What does it really mean to be Asia Cup champions?

Asia Cup 2018 September 14, 2018

In any other major subcontinental sport, the Asian championships are a significant event. Example: India and Pakistan's consequence for not winning the Asian Games Hockey gold in Indonesia last month is having to go through a rigorous qualifying process for the 2020 Olympics.

The AFC Cup is the second oldest football championship after Copa America. It gives all the sides exposure amidst a crowded club football calendar to prepare themselves for the FIFA World Cup qualifiers. Similarly, in Davis Cup tennis, teams from Asia and Oceania compete against each other to advance to the upper tier. While the winner advances to the World group playoffs, the losing teams compete in the relegation playoffs.

With cricket, however, you have to scratch your head for a bit to understand what's at stake from both contextual and prestige point of view. What does being Asian champions mean? Bangladesh were runners-up at the Asia Cup T20 at home in 2016, but they still had to qualify for the World T20, held in India exactly a month later, playing against teams like Oman, Afghanistan, Nepal and Hong Kong, who for long have been made to feel unwanted.

In the past, the Associates were largely being pencilled in as an afterthought. Invariably, two games and three days into the tournament, they'd pack their bags to take the next flight home. It was only in 2004 - after seven editions of the tournament had already taken place - that the Asian Cricket Council (ACC) actually agreed to let teams like UAE and Hong Kong play. They featured in the subsequent edition in 2008 as well, but gained little in the way of exposure and were eventually shown the door in 2010, when the Asia Cup reverted to being a competition between the four subcontinental giants.

In 2014, Afghanistan forced their way in, rising from division five of the World Cricket League to become an Associate member of the ICC. Their subsequent ODI status reaffirmed the need to induct emerging teams and give them exposure. Things looked up for the new boys, but at the take-off point was another roadblock, with the ACC - operating with just two staff members at one point in 2015 - undergoing massive restructuring.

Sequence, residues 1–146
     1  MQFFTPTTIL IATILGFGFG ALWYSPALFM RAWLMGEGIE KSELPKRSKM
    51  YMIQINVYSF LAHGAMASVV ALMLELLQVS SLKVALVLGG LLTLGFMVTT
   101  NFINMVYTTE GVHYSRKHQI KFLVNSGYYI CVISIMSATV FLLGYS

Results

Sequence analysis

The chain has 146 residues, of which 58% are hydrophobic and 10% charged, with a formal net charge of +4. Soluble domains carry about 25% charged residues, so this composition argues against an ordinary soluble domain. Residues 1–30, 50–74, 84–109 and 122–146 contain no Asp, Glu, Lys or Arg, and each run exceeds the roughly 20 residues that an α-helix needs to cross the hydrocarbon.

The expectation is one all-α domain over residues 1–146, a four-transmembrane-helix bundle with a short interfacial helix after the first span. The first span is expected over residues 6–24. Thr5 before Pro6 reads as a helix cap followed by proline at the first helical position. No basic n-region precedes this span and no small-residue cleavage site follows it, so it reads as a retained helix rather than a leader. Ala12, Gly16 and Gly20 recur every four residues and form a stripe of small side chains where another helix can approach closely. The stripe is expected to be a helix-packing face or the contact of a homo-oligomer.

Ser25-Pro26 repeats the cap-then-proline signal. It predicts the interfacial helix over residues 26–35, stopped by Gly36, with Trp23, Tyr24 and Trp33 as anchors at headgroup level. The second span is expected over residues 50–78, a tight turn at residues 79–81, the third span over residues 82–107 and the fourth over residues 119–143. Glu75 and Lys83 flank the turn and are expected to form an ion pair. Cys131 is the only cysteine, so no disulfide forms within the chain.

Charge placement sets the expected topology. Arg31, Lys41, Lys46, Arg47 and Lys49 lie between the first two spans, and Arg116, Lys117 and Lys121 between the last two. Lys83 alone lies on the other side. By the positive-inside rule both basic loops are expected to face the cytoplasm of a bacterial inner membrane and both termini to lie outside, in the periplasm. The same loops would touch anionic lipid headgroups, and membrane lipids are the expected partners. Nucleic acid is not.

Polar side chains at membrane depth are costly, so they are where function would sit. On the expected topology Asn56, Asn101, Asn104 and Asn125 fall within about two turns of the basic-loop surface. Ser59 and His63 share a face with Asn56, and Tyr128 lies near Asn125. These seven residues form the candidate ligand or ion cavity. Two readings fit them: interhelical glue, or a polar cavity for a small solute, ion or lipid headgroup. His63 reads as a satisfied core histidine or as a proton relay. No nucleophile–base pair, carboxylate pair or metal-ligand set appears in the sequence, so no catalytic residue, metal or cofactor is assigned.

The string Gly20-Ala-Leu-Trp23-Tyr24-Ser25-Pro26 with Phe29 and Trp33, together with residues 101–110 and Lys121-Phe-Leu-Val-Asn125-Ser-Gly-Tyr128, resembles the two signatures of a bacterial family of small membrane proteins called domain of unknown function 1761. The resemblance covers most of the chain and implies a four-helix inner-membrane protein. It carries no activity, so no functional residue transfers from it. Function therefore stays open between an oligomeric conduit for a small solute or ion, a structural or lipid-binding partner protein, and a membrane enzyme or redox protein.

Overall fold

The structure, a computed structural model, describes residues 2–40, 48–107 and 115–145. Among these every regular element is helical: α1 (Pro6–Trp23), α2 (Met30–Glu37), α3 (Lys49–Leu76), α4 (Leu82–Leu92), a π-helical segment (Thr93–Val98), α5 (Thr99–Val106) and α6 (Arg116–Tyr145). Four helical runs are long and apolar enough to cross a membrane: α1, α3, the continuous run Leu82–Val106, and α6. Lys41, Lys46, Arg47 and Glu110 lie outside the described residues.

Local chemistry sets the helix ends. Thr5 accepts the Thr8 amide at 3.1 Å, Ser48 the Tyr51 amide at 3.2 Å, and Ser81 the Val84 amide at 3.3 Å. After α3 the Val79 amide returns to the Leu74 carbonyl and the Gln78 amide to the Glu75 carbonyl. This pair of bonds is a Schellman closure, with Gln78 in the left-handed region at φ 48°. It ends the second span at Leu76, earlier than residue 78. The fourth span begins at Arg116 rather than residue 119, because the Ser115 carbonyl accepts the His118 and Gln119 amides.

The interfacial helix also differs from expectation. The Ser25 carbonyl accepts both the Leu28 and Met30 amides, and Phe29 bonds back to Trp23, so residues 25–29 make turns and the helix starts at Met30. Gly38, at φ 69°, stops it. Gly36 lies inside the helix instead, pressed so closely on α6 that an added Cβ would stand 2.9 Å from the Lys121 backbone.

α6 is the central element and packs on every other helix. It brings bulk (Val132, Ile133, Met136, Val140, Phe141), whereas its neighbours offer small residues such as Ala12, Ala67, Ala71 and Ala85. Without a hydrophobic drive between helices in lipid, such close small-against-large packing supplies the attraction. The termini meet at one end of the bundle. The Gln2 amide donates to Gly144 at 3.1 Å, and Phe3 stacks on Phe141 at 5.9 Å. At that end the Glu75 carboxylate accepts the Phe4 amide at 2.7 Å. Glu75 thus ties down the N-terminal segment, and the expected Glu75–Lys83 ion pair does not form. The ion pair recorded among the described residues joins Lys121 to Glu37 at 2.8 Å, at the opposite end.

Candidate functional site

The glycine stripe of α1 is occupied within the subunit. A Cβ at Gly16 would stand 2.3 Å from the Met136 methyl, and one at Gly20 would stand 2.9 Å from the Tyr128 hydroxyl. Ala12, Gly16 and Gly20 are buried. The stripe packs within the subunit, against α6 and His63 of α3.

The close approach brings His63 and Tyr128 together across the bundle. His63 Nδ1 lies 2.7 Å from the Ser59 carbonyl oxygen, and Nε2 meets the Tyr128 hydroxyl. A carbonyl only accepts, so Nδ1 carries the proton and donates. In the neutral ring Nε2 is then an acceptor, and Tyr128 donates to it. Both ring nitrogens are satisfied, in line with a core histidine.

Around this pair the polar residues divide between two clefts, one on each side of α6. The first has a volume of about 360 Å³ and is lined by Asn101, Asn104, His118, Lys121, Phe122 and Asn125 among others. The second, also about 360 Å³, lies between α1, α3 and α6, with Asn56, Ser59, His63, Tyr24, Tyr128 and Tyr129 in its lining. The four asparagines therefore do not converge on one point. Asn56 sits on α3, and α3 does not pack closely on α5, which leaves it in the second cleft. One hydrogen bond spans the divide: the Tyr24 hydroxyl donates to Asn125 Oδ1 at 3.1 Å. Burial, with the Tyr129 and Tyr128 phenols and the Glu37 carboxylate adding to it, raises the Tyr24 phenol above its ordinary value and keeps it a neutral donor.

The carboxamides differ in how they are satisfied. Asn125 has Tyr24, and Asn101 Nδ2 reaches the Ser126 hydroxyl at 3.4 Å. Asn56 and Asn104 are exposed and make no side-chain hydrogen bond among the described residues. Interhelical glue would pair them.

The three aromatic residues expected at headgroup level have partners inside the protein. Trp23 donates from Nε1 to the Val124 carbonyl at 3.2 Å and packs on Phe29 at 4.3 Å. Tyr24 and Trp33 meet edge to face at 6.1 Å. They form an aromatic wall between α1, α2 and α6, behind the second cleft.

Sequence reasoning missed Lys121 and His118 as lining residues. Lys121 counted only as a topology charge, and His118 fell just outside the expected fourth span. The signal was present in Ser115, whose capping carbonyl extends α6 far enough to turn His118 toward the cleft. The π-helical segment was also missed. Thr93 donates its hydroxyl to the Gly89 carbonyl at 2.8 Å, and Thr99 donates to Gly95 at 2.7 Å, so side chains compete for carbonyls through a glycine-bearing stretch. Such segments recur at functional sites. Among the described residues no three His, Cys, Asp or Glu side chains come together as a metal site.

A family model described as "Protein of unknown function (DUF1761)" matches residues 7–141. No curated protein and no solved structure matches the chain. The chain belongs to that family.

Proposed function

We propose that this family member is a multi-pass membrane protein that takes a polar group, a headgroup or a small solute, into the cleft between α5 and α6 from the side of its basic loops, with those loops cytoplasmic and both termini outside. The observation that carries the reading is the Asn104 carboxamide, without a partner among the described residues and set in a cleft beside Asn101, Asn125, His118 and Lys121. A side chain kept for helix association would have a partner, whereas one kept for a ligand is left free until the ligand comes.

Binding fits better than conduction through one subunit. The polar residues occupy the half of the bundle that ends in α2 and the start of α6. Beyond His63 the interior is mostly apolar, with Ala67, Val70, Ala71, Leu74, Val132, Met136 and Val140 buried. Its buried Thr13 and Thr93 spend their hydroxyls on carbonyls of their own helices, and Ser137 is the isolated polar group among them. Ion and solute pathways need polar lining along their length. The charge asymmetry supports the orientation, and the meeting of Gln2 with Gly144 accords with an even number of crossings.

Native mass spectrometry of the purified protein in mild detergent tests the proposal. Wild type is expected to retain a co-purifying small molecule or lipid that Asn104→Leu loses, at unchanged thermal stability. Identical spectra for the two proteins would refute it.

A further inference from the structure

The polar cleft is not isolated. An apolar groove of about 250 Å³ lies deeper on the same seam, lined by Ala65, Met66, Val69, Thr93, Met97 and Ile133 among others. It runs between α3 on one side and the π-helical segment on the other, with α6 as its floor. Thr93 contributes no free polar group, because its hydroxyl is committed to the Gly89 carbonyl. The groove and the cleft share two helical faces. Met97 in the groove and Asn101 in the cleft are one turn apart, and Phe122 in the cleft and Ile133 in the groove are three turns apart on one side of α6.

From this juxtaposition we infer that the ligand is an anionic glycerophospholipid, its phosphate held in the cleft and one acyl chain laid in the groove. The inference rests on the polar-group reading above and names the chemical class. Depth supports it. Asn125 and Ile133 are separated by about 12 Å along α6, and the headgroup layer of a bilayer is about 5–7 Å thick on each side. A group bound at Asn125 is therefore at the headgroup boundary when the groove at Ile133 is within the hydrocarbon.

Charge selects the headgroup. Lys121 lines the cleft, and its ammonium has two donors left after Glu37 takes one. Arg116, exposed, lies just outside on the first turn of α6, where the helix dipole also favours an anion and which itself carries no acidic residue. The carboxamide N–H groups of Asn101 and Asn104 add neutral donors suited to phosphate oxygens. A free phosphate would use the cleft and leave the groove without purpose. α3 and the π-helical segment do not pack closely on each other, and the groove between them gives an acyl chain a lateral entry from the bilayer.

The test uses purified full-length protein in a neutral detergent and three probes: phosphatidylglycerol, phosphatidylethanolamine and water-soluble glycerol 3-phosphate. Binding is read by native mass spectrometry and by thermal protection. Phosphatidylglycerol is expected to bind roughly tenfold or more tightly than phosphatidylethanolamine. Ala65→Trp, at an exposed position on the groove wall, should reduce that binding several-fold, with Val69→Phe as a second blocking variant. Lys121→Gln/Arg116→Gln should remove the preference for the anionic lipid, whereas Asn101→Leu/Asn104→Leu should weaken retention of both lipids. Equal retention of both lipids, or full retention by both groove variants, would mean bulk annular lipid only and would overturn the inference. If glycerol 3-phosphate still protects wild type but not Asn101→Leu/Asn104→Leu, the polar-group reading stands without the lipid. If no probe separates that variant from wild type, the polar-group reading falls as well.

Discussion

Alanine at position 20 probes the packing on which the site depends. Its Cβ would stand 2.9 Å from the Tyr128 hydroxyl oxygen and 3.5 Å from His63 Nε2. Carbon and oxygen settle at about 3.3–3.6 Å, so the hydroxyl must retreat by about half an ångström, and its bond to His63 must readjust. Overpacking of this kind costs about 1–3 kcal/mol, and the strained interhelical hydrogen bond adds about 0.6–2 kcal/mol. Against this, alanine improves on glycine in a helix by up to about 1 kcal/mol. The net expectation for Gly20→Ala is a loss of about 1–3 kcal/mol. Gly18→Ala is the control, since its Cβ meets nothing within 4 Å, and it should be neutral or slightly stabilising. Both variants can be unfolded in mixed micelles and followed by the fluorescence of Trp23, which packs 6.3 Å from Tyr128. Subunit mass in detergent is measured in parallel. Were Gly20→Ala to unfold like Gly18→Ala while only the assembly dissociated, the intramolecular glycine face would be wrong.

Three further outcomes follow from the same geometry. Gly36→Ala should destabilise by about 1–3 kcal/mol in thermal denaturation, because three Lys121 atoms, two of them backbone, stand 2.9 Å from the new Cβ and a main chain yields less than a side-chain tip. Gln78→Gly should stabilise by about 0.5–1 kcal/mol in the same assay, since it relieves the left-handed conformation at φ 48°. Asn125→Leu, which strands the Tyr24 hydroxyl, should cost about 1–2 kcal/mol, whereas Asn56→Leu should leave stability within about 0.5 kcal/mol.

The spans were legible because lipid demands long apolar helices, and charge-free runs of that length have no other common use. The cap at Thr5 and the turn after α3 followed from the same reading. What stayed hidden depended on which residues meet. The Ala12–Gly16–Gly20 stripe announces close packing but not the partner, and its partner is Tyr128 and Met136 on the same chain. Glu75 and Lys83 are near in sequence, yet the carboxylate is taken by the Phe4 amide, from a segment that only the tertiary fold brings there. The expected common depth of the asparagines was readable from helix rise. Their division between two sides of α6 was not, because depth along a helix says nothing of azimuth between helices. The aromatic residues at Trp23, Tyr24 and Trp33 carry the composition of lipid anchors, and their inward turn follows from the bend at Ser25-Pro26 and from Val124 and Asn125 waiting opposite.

Things aren't entirely back on track, but the ACC is hoping for a revival here in the UAE, after the tournament was shifted out of India earlier this year. The organisers are banking on the 2019 World Cup adding a delicious subplot to the current edition, which has also been structured into resembling a mini India-Pakistan bilateral series. Both sides could play each other up to three times should they make the final, a rarity after what once had the much-maligned India-Sri Lanka ring to the rivalry during the course of a four-year period from 2004 to 2007.

India toured Pakistan in 2004 and 2006, with Pakistan returning the favour in 2005 and 2007. In between, they missed each other so much that a two-match series - their first in UAE since the 2000 tri-series - was played in Abu Dhabi. During this period, both sides were so familiar with the other that the normal needle from an India-Pakistan context was replaced with talk of friendship and camaraderie. The dynamics have changed since 2008. Political tensions in the wake of the Mumbai terror attacks now mean they face each other only in ICC tournaments and Asia Cups.

Last year's Champions Trophy final tickets were lapped up within seven minutes of going on sale. The tickets for the 2019 World Cup clash between the two sides were lapped up 14 months in advance. How about a taste of India-Pakistan in the UAE this time around? No chance. All tickets for the clash on September 19, barring corporate hospitality, priced upwards of 6000 AED (USD 1600 approx) have been sold out. Therefore, from a fan point of view, this is viewed as a series within a series, without meaning any disrespect to the other teams.

That doesn't take away what each of the other sides have at stake. Afghanistan have an opportunity to cause another stir to those they already have over the last two years. Their dramatic entry to the World Cup earlier this year has added an edge to the outfit that can now compete against any of the top sides in the subcontinent. Hong Kong have come through a qualifying process, beating the likes of Oman, Nepal and UAE along the way. Bangladesh are the rising force, fresh out of a limited-overs series win in West Indies but plenty to answer in terms of form and fitness of key players. Sri Lanka are grappling form and injuries to key players, and want to turn around their fortunes after a thrashing from South Africa at home. India are fatigued after a long English summer, and want to ring in a few wins under stand-in captain Rohit Sharma.

On the face of it, the tournament will sleepwalk its way for the first week - it's for Hong Kong to prove that won't be the case - before the Super Four stage, which could throw up a few surprises. But the pertinent question remains: can the Asia Cup, a chameleon that changes format for context, continue to remain relevant and provide opportunities for the smaller teams? Can the bigger sides engage their younger cousins to give them exposure? The next two weeks could give us a few answers.

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